Is Your PC Ready for Cyberwar?
WASHINGTON -- The more functions your PC performs, the greater its risk for cyberattack--and the more likely you are to miss it. That's why you need to protect your PC in this warming political climate that includes warnings of online strikes, security experts say.
Any conventional attack could be accompanied by
Users should take care, and become safer by being more skeptical, says Ken Dunham, a senior intelligence analyst with the security consulting firm iDEFENSE. He urges all PC users to assess their risk.
For example, shared broadband connections also open systems to attack, Dunham says. To protect a PC that has high-speed Internet access, a user needs both antivirus software and a firewall, says Mario Correa, director of Internet and Network Security at the Business Software Alliance.
Correa says firewalls--which monitor what goes in and out of a network--are helpful to protect your system while using high-speed Internet access. They can be purchased for about $100.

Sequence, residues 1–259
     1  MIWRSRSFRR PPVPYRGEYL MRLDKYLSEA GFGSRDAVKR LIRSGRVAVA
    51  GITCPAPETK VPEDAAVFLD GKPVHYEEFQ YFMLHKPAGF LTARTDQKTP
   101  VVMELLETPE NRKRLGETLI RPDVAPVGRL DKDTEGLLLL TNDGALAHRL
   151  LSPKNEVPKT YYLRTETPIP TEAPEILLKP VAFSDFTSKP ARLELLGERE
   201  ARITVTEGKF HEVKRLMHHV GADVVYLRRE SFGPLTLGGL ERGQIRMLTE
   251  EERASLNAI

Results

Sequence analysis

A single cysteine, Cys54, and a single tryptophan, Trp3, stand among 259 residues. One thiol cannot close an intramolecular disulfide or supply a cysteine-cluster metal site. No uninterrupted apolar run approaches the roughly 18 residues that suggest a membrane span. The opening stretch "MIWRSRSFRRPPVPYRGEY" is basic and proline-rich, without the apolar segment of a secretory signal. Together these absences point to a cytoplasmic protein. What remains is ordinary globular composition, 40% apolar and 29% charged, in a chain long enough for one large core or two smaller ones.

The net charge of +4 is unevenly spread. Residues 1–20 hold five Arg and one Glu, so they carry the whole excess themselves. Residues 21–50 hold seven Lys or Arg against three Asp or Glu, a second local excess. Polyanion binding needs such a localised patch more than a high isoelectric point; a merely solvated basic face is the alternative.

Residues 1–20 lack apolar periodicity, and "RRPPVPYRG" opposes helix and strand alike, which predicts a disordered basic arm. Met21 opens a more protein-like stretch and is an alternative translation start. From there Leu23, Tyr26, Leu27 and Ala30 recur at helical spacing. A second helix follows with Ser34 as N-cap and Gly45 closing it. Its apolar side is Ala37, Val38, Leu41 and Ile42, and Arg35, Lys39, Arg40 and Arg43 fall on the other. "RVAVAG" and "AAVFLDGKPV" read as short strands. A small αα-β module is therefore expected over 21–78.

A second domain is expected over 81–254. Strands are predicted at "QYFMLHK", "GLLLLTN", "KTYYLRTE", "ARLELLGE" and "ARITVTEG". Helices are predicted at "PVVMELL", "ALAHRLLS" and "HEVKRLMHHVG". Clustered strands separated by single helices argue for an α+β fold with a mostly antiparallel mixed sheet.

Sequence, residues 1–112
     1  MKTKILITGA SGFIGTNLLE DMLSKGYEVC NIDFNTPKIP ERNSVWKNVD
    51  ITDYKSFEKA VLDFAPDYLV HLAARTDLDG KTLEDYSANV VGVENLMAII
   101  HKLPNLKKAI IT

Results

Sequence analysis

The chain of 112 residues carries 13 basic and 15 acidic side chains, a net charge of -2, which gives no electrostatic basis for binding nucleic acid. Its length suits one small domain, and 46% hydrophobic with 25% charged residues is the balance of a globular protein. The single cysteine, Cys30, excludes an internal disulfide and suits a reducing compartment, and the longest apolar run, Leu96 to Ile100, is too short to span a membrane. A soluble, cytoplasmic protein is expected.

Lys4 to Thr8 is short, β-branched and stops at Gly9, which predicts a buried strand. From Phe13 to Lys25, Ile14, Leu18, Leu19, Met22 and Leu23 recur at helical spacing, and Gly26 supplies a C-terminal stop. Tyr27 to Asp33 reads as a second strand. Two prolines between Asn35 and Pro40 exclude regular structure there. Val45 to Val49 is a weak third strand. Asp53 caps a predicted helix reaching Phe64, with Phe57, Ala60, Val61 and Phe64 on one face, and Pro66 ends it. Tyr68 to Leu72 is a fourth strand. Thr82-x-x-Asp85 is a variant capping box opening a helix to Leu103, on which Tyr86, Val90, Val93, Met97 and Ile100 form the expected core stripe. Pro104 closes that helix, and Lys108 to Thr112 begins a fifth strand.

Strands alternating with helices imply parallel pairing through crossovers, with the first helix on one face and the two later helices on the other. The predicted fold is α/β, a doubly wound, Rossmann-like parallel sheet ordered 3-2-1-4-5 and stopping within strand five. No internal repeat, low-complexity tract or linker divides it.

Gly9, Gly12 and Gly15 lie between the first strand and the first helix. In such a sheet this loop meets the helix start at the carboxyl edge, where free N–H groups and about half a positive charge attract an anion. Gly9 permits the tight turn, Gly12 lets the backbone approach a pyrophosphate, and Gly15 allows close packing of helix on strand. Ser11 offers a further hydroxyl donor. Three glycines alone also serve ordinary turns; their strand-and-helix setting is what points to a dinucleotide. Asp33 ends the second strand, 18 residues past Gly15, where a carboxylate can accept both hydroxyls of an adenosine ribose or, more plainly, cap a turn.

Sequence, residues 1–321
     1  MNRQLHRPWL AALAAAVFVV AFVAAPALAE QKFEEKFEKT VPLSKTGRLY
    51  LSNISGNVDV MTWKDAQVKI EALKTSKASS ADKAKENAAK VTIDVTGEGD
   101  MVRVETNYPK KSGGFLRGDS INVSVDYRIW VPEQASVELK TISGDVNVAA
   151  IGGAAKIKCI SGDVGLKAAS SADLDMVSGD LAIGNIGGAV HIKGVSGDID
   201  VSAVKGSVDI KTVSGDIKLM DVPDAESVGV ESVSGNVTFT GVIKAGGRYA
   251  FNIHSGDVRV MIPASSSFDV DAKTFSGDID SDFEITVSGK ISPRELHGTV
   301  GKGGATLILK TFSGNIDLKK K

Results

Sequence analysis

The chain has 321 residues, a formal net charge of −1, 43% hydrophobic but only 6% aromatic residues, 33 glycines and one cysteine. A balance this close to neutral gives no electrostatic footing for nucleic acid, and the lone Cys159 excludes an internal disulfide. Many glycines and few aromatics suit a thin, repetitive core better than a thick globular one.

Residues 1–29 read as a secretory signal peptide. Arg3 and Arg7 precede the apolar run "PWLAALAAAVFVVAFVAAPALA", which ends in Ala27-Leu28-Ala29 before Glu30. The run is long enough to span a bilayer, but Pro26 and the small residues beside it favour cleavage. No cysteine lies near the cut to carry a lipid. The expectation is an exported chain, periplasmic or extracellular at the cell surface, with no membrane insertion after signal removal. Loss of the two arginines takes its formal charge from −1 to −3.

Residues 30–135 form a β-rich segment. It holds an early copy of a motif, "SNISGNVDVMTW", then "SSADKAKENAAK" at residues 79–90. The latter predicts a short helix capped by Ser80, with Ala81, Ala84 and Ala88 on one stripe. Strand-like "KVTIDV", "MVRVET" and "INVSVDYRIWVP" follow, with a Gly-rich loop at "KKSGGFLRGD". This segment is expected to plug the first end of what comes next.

Sharing and sending files warrants protection from antivirus programs, Dunham and Correa note. But programs must be updated with the latest virus descriptions in order to be efficient. Consumers should sign up to get notified of new threats and check the Web sites of their antivirus software vendors to be sure that they have the latest version.
Consumers don't always realize some cyberattacks can cause computers to shut down or deny access to systems and sites, Dunham notes. The recent
Correa recommends The Carnegie Mellon Software Engineering Institute's
While vulnerabilities in Microsoft programs are often targeted for attack, Dunham says any software has holes and Microsoft's are just more widely targeted. Users are wise to frequently check Microsoft's
Dunham and Correa disagree on how often peer-to-peer sites spread viruses, but agree it will be a large issue.
"It is only a matter of time before [peer-to-peer and instant messaging] become the next big wave in computer security," Correa says.
The Business Software Alliance offers five questions PC users should consider when assessing their security:
Dunham compares computer security to driving a car. Most people don't care enough to understand how it works, and want to just get in and drive. But it pays to do occasional safety checks, he notes. A prime example: Microsoft had released a patch that could stop the